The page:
Many of our moods depend on our nervous system. Too much or too little of the chemicals that speed things up or slow things down and the whole thing can go out of kilter. The basis of many of our medications is to correct these imbalances. In this Sharepost I’m taking a look at just a handful of the essential neurotransmitters and the way they work?
Glutamate and** GABA** can be thought of as mainstay neurotransmitters. They slog away in high concentrations within the brain where one (glutamate) is the throttle and the other (GABA) acts as the brake. Glutamate has an important role in learning and memory but too much and it can lead to agitation, impulsive behavior and even violence. GABA has the opposite effect. It increases our levels of tranquility by inhibiting too much nerve activity. Some of the most frequently used drugs for anxiety enhance the action of GABA.
Serotonin is all about serenity and hopefulness in moods. The latest generation of SSRI drugs, such as Prozac, aim to increase levels of serotonin within the brain. Low levels of serotonin are associated with depression.
Dopamine is our arousal and stimulation neurotransmitter. We associate dopamine with rewards as it controls our appetite for sex, eating, pleasure and even creative thinking. Too little dopamine can lead to depression but too much can lead to dependence on the agent doing the stimulating. Cocaine, for example, increases dopamine levels in the brain’s reward circuit and, for a period, can produce intense pleasure. Long-term use seems to result in neural degeneration from overproduction of dopamine.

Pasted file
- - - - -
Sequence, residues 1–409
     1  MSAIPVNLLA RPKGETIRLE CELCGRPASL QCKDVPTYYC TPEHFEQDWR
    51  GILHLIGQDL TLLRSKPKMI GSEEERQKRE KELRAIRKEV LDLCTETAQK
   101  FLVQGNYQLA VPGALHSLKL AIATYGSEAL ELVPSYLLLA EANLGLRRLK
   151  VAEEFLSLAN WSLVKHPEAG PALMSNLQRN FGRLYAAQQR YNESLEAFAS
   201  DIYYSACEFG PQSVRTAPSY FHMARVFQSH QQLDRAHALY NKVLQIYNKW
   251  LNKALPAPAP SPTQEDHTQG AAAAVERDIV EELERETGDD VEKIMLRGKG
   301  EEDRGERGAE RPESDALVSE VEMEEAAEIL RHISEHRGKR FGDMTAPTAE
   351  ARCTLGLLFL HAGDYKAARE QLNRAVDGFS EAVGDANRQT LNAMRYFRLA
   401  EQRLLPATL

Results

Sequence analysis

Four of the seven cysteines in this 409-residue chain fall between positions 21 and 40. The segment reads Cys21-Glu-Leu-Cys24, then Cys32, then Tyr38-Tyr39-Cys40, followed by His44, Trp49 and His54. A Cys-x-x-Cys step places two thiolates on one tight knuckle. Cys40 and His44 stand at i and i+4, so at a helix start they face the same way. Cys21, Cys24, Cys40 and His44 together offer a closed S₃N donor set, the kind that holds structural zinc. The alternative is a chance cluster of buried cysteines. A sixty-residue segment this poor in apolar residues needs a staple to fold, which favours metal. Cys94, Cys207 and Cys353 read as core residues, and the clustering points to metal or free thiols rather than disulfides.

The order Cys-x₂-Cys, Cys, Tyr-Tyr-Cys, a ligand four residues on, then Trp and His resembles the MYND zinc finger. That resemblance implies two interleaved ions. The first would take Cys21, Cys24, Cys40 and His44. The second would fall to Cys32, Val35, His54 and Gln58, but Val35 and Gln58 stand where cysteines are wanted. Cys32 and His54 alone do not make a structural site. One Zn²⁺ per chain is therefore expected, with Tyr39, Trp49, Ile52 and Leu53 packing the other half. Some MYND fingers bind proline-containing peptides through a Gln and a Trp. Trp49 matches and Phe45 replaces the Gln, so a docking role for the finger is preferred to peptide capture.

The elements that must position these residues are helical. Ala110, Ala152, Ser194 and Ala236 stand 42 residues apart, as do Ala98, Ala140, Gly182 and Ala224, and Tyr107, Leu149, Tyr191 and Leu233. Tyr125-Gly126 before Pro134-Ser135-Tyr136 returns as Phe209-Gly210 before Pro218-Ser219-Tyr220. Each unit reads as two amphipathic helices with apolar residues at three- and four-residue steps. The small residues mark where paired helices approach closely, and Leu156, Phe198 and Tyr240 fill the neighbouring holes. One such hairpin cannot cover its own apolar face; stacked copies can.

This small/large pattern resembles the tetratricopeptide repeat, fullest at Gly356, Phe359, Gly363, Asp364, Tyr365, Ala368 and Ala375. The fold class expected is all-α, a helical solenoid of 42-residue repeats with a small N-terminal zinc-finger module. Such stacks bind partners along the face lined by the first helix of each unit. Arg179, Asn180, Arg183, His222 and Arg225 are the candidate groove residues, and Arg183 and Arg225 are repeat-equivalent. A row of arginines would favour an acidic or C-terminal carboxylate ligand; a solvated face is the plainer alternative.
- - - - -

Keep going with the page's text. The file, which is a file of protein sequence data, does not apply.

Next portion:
Endorphins are both hormones and neurotransmitters and they can pack a punch. We have at least 20 different types of endorphin some of which are more powerful than morphine. We tend to release endorphins when we’re under stress or in pain. The higher the level of endorphin the less pain we feel and the more relaxed, even euphoric, we can become. Foods like chocolate or chilli peppers enhance the secretion of endorphins. Perhaps it isn’t surprising that we associate chocolate with comfort and pleasure.
Noradrenaline (norepinephrine) is the main neurotransmitter of the sympathetic nervous system. We associate this with our fight-or-flight mechanism and moderation of other physical actions such as heart rate and blood pressure. Too little noradrenaline and we become sleepy and lethargic. Too much and our thoughts run away with us, we become twitchy and nervous, our hands and feet go cold and our blood pressure climbs.
Jerry Kennard, Ph.D., is a chartered psychologist and associate fellow of the British Psychological Society. Jerry’s clinical background is in mental health and, most recently, higher education. He is the author of various self-help books and is co-founder of positivityguides.net.